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  1. Overview • Know key developments in commercial aircraft • Know key developments in commercial flight use • Know key contributors to the expansion of commercial flight

  2. War Exposes Americans to Aviation • World War II changed the way Americans viewed the globe; no longer could America be an isolationist • Air power not only help win the war, but for many Americans became the means to cope with an ever shrinking world • Hundreds of thousands of Americans flew for the first time during the war, thus making air travel more commonplace

  3. Technical Advances • The war also spurred many technical advances • New kinds of planes came into use • New airports appeared around the world • Weather forecasting got better • Navigation aids improved • Better fuel gave aircraft engines more power • Radar came into use in civil aviation, making air travel safer • And pressurized cabins — cabins with normal air pressure even at high altitudes—made air travel more comfortable

  4. Emerging Commercial Aircraft • Early commercial airlines employed converted military aircraft to carry both passengers and mail • The DC-3 was the most widely used aircraft right after the war • But before long the airlines wanted to fly longer routes • They turned to the civilian versions of two planes that first saw service in the war • The four-engine Douglas DC-4 was the civilian version of the C-54 • Lockheed Constellationstarted out as the C-69

  5. Aircraft Wars: Douglas and Lockheed • In fierce competition, Douglas and Lockheed kept developing bigger and faster planes • Douglas had the DC-6, the DC-6B, DC-7, DC-7B, and DC-7C • The DC-7C was known as the “Seven Seas” because of its great range • Not to be outdone, Lockheed developed the Super Constellation and the Starliner

  6. Key Developments in Commercial Flight Use • Many features of air travel today had their roots in these early years • Among them were flight attendants, frequent-flier discount programs, travel credit cards, and airline agents who could reissue tickets after a missed connection or a delayed flight

  7. Federal Regulation of Aviation • In 1938 a new federal agency, the Civil Aeronautics Authority, took charge of civil aviation • In 1940 President Franklin Roosevelt split this agency in two separate agencies the CAA and CAB • The Civil Aeronautics Administration (CAA) was in charge of air traffic control — theground-based system for keeping aircraft safely separated from one another

  8. CAA and CAB • The CAA also licensed pilots and planes and enforced safety rules • The CAA was charged to develop the complex series of airways, the routes that planes must follow through the sky, that we use today • The Civil Aeronautics Board (CAB) made safety rules • When an accident occurred, the CAB tried to find out what happened • The CAB also regulated airlines as businesses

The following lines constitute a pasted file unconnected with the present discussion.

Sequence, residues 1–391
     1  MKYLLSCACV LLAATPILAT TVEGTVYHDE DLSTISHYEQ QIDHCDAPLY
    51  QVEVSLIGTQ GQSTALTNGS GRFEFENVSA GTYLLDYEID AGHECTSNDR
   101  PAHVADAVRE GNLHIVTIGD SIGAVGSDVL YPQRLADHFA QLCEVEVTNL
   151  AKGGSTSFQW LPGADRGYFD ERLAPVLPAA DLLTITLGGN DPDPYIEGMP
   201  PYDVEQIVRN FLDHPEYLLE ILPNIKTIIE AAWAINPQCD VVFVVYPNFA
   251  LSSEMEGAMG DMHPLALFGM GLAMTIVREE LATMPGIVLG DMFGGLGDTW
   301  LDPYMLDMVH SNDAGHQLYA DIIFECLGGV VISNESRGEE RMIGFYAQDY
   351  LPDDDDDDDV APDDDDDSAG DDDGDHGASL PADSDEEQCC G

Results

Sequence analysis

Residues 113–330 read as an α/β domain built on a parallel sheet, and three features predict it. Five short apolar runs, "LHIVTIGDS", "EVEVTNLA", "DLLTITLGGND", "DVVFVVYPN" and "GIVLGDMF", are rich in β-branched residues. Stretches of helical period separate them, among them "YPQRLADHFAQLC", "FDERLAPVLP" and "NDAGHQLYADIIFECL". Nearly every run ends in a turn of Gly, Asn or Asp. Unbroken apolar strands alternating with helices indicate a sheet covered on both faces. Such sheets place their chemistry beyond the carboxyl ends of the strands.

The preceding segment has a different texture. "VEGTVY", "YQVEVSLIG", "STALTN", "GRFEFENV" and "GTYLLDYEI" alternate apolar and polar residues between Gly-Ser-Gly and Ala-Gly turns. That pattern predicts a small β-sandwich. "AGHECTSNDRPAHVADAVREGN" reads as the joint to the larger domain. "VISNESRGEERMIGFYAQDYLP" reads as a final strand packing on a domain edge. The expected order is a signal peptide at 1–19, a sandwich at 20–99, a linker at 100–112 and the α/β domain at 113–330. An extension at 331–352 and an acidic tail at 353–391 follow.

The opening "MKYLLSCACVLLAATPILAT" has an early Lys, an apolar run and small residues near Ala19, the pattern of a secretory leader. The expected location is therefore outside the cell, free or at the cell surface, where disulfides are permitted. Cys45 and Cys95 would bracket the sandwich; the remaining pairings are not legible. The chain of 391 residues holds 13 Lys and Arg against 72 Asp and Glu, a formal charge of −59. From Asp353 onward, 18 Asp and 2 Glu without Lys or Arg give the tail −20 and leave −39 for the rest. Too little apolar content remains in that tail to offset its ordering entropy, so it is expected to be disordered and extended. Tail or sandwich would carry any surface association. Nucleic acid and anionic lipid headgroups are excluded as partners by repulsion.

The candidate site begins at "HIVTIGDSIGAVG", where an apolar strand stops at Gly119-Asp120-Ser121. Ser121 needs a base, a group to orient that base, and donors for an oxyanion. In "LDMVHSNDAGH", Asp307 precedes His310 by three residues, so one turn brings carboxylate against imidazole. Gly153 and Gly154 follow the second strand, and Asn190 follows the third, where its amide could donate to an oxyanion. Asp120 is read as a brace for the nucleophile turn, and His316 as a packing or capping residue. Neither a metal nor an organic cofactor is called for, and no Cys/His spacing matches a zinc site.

9. TWA American United The Expansion of Commercial Flight • Aviation progressed during this period because leaders of the major airlines were competing with each other for passengers • The companies’ executives demanded more and more of aircraft manufacturers • This led to more competition among manufacturers vying with one another for contracts

  10. American Airlines • American Airlines grew from several companies launched in the 1920s to fly airmail • The company’s new president, Cyrus R. Smith, worked out a deal with Douglas Aircraft to build 20 DC-3s • The DC-3 became one of the most successful aircraft ever built • By 1939 American was flying more passenger miles than any other domestic airline

  11. Transcontinental and Western Air Inc. (TWA) • Investors launched Transcontinental Air Transport (TAT) in 1928 to carry mail • In an effort to expand its business TWA offered a coast-to-coast service combining air and rail • TWA received its first mail contract immediately and began coast-to-coast flights on 25 October 1930 • Its first director of operations was William John Frye (1904–1959), a former Hollywood stunt flier • Frye kept TWA on the leading edge of technical advances • In 2001 facing economic problems, TWA was purchased by American Airlines

  12. United Airlines • United Airlines began as part of the United Aircraft and Transport Corporation • This was a partnership between Boeing Airplane Company and Pratt and Whitney, the engine maker • United Airlines began as an operating division of the partnership on 1 July 1931 • New antitrust legislation soon required Boeing to sell the company off

  13. Transatlantic Service • From the time commercial aviation began, fliers dreamed of connecting North America and Europe • It was a real challenge: North Atlantic skies are often stormy, and natural stopping places are few • British Imperial Airways and Pan American Airways tried out transatlantic service in 1936 • In June 1945 the CAB allowed three carriers to operate regular air service across the Atlantic: American Export, Pan Am, and TWA

  14. Freight Airlines • Companies found it hard to get into the cargo business • Passenger lines feared that freight carriers would upset the aviation industry with cheap rates and irregular service • In August 1949 the CAB gave four all-freight airlines the go-ahead (Slick, Flying Tiger, U.S. Airlines, and Airnews)

  15. Freight Airlines • Freight airlines never grew as expected • The big four passenger carriers and other passenger lines continued to carry freight • Not until 1973, when Fred Smith launched Federal Express, with a guarantee of overnight delivery, did an all-freight carrier come into its own

  16. Overview • Know key developments in commercial aircraft • Know key developments in commercial flight use • Know key contributors to the expansion of commercial flight